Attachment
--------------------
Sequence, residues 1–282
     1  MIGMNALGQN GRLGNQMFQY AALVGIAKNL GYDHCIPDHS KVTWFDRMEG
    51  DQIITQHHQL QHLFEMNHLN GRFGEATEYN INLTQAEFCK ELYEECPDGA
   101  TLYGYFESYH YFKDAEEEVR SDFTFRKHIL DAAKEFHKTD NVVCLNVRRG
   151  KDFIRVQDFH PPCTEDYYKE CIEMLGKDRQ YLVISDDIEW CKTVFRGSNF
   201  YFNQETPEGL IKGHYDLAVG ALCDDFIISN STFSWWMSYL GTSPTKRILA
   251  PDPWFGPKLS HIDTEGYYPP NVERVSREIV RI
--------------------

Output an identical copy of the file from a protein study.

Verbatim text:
Sequence, residues 1–282
     1  MIGMNALGQN GRLGNQMFQY AALVGIAKNL GYDHCIPDHS KVTWFDRMEG
    51  DQIITQHHQL QHLFEMNHLN GRFGEATEYN INLTQAEFCK ELYEECPDGA
   101  TLYGYFESYH YFKDAEEEVR SDFTFRKHIL DAAKEFHKTD NVVCLNVRRG
   151  KDFIRVQDFH PPCTEDYYKE CIEMLGKDRQ YLVISDDIEW CKTVFRGSNF
   201  YFNQETPEGL IKGHYDLAVG ALCDDFIISN STFSWWMSYL GTSPTKRILA
   251  PDPWFGPKLS HIDTEGYYPP NVERVSREIV RI